You have started to plot a course towards an email outreach campaign, but you need to figure out who you’re contacting before you can start generating leads. Quality research is crucial for a successful campaign, and targeted research can give your outreach the boost in effectiveness needed to propel you towards success.
But what is targeted research? It’s simply the process of identifying which businesses would be most receptive to your outreach campaign through analysis of your product or service and the demands of the market.
Get to Know Your Product
Starting research for your campaign may seem intimidating, but it is fairly simple once you take that first step. A good jumping off point for research is to get intimate with your product–know the ins and outs of your offer and the problems your product or service will be solving. This highlights the qualities important to the customer and what types of business may be attracted.
Identify Your Target Market
Discovering industries that need your solution is crucial in lead generation. Rather than shouting into the void with an email blast, focus your efforts on targets that are likely to need your product or service; target companies that would actively use your product in their day to day business or that would be unable to operate without a product similar to yours are a good place to start.
Imagine you run a company that manufactures car parts. Businesses that work with cars will be most interested in purchasing your product, so targeting outside of the auto industry would not be the best use of resources. Identify those companies before moving forward–perhaps a car maker or mechanic would be ideal customers for you to pursue.
Once your target market has been identified, you can start researching companies within that sphere. Websites like Hoovers can help filter companies that are within your scope.
The Right People
Now that you have put together a list of companies, it is important that you are contacting the right people. Generally, you want to reach out to someone with the authority to make decisions, but a lower level manager may also recognize the need for improvement.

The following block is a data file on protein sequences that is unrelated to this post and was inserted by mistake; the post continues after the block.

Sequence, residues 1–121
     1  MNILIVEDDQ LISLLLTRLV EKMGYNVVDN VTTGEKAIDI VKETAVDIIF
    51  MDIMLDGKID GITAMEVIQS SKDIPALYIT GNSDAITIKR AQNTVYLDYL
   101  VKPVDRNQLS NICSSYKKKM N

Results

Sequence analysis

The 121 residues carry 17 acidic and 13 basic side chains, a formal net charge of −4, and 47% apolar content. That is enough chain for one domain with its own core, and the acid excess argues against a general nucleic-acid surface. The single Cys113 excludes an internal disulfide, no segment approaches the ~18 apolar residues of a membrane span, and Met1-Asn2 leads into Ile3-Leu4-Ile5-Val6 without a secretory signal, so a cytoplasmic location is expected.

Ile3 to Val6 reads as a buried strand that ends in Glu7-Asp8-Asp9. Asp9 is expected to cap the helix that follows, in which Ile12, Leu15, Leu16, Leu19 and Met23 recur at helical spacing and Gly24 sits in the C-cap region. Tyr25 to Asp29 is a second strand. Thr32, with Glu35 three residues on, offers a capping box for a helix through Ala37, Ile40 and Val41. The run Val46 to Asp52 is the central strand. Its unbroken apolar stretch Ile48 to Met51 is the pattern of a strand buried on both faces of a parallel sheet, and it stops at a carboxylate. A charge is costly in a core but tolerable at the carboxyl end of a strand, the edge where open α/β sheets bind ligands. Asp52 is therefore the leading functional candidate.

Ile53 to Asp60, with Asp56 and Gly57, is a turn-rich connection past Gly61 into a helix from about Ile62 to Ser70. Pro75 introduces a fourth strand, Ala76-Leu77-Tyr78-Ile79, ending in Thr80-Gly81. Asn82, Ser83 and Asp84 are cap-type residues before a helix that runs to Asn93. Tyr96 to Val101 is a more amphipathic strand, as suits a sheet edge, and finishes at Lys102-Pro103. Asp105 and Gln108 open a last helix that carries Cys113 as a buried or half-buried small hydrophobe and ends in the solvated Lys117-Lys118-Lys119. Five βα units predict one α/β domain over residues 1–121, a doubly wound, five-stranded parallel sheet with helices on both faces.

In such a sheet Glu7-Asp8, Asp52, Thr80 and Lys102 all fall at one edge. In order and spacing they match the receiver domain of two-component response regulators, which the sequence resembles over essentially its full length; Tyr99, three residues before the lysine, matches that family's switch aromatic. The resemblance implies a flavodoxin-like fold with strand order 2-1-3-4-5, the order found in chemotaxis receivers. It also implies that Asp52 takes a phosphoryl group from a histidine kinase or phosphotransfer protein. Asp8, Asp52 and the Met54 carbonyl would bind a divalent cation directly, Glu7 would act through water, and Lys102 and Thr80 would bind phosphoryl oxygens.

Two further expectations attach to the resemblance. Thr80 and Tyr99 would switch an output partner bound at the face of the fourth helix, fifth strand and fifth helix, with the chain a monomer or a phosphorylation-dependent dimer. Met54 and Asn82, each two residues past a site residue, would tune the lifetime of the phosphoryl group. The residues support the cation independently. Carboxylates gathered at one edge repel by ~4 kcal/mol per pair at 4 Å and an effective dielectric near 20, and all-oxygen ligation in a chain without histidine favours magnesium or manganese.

Think about who at the company would benefit most from your product or service. For example, if you assist with cyber security, the most receptive point of contact would likely be in the IT department. Just as you targeted companies that would be most receptive to your product or service, do the same when thinking about contacts.
If you have conducted any marketing campaigns in the past, now is a good time look back through the contacts who responded positively to you. Those responses reveal positions more receptive to your marketing and those that are not worth your time.
With the compiled list of companies within your desired target market, with titles that you think will be most receptive, the only thing left to do is find the individuals that match your criteria.
All the strategy and research you did up front has narrowed your search, so finding the points of contact will be a breeze. LinkedIn or Zoominfo are effective tools for researching potential contacts. These websites can find the right people in the desired positions at your target companies.
Once research starts turning into responses, you will begin to learn a lot more about your product and target market. Companies and titles that respond positively to your proposals will help focus new outreach in the most effective direction. From that point, any additional research is a walk in the park.
And if the research for your campaign is going nowhere, don’t be afraid to alter your target market–you don’t always get it right the first time. The most important thing is learning from previous research to continuously improve your outreach.